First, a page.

I went to the University of Alabama. You can imagine how much I have enjoyed watching college football for the last ten seasons. When I was in school, they won the SEC my freshman year and then never won more than six games the rest of the time I was in Tuscaloosa, and that includes two 3 win seasons. So I’ve earned this.
Anyway, this week Bama was playing Ole Miss and just kicking the dog crap out of them. Near the end of the first quarter Alabama led 14-0, but Ole Miss was beginning to make progress. Their sophomore quarterback Shea Patterson spotted a wide open receiver, and a completed pass would have cut the lead in half, but alas Patterson overthrew his man.
Todd Blackledge, one of the best color analysts in college football, stated the obvious. “You have to take advantage of all your opportunities against a team like Alabama. You don’t get many like that.”
In order to make this week’s column work, you have to assume you’re Shea Patterson. Don’t worry. He’s a quarterback that wears number 20. It doesn’t get much cooler than that.
I guess Alabama, in this analogy, is the competition, or maybe they are the sports news cycle. I’m not sure exactly, but let me explain what I’m getting at.
The sports media landscape is competitive. Your competition isn’t just the show airing a little further up the dial. You’re competing with apps, podcasts, the internet, TV and believe it or not, even good old fashioned print journalism. When you get the chance to establish yourself as a unique voice or a go to destination, you have to take advantage of it.
Last week the college basketball world was turned absolutely upside down by a bribery scandal that has engulfed some of the sport’s biggest names and ultimately cost one of its most successful coaches his job. Plenty of stations and nationally syndicated shows brought on Jay Bilas. Plenty of those same shows also turned to a variety of sports business and legal experts to breakdown what this week will mean for the future of the sport.
I’m not a college basketball fan. In fact, I have very little interest in this scandal except that I enjoy hearing all of these pundits come up with one absurd solution after another to avoid having to admit that maybe if kids were allowed to go straight from high school to the NBA, fewer of them would be susceptible to taking bribes to spend a year in Tuscon, Arizona. But the fact of the matter is that college basketball was competing with natural disasters and Donald Trump for news time on CNN, FOX and all of the major network newscasts. It’s a story that transcended sports.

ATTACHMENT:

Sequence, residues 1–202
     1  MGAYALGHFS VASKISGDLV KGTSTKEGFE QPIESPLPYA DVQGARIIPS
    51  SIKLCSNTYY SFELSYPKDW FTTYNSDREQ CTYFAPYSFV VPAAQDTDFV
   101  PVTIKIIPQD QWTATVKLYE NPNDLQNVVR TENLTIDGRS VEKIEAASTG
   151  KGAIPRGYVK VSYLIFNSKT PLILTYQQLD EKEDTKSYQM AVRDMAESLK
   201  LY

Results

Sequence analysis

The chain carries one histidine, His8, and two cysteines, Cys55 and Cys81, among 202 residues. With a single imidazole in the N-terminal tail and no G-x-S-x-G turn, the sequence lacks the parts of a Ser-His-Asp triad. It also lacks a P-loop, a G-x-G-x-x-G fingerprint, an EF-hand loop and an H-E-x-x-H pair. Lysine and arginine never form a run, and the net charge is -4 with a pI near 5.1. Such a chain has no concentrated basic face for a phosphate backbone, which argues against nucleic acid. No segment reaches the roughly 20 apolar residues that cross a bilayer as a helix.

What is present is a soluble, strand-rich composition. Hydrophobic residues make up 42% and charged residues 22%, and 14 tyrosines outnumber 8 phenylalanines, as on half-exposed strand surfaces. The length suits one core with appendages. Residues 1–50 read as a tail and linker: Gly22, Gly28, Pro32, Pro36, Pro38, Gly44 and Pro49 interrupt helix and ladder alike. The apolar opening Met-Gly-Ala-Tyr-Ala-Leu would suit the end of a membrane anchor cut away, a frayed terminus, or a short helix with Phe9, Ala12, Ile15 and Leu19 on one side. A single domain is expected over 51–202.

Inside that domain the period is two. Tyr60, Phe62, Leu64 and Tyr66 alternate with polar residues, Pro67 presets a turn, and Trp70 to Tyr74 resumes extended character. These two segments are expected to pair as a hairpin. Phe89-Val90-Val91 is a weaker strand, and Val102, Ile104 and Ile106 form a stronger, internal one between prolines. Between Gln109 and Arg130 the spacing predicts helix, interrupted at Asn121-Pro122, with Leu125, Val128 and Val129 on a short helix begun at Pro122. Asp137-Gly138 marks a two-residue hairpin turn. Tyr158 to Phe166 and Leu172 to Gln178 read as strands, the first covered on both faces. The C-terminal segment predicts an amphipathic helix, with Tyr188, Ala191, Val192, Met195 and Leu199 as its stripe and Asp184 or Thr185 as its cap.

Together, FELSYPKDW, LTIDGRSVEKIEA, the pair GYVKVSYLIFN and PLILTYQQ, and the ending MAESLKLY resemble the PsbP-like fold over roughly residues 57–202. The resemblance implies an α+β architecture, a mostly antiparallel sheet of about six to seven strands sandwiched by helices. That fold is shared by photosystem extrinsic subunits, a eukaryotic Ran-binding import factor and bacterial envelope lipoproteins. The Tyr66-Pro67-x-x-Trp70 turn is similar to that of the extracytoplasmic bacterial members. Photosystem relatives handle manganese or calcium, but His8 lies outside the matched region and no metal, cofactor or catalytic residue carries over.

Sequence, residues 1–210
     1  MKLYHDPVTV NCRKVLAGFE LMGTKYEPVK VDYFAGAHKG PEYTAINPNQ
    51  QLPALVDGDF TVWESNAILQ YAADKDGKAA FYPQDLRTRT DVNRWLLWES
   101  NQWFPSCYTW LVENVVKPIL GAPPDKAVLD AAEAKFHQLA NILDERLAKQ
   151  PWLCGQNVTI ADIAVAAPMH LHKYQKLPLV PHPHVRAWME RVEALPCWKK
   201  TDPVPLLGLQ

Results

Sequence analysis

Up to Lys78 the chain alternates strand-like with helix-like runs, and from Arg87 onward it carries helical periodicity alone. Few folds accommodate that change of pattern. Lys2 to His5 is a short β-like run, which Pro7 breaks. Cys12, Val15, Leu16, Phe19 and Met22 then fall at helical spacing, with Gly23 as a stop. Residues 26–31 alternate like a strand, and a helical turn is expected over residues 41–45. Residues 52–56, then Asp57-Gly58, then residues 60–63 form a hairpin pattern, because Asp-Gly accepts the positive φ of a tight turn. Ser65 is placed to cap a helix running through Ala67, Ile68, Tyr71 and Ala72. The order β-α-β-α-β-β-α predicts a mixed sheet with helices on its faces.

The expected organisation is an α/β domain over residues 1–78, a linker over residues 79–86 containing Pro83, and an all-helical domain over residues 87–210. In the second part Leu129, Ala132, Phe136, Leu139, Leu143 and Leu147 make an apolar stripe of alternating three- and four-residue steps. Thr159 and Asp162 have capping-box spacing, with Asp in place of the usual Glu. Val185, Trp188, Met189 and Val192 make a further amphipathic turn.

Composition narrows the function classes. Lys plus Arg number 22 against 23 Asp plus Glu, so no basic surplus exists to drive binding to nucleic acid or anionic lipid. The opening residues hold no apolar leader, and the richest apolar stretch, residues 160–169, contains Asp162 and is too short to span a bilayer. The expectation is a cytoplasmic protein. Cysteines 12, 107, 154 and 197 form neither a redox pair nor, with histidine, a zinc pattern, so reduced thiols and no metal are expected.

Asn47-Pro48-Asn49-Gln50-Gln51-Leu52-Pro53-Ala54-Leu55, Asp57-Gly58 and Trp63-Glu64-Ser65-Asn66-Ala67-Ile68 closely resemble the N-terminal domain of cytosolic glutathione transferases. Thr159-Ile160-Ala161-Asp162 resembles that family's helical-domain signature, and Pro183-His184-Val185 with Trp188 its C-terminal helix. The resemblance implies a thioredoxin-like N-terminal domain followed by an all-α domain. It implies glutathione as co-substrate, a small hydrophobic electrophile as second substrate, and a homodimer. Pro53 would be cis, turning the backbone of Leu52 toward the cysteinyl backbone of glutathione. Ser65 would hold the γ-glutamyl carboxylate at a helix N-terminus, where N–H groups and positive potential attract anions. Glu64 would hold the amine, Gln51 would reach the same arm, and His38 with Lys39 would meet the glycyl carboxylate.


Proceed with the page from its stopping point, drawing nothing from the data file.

When faced with these moments, don’t rush to see if you can get the biggest names on the show. This is your chance to shine. Who’s number do you have that will bring a unique perspective listeners can’t get anywhere else? What can you do that is creative that might make your audience laugh at a time when no one else is thinking that way.
Maybe your show did go out of its way to do something like that during the Hoopocalypse. If you did and I missed it, I’m sorry and I’m proud of you. Now keep it up. We’re a fun format, but let’s face it, we’re also a niche format. You won’t get an overwhelming amount of opportunities to make an impression on people that don’t already have your station on their presets.
I feel like every week since I started writing for BSM I’m telling you to challenge yourself more. Well, this week let’s throw a monkey wrench into that formula. In these big moments do what you do best.
“You have to take advantage of all your opportunities against a team like Alabama. You don’t get many like that.” You have more weapons in your arsenal than you think and you certainly have more weapons in your arsenal than competitors that only cover sports peripherally. There is no one for whom “what you do best” is recycling tired bits and guests in big moments. Don’t overthink it, but do think.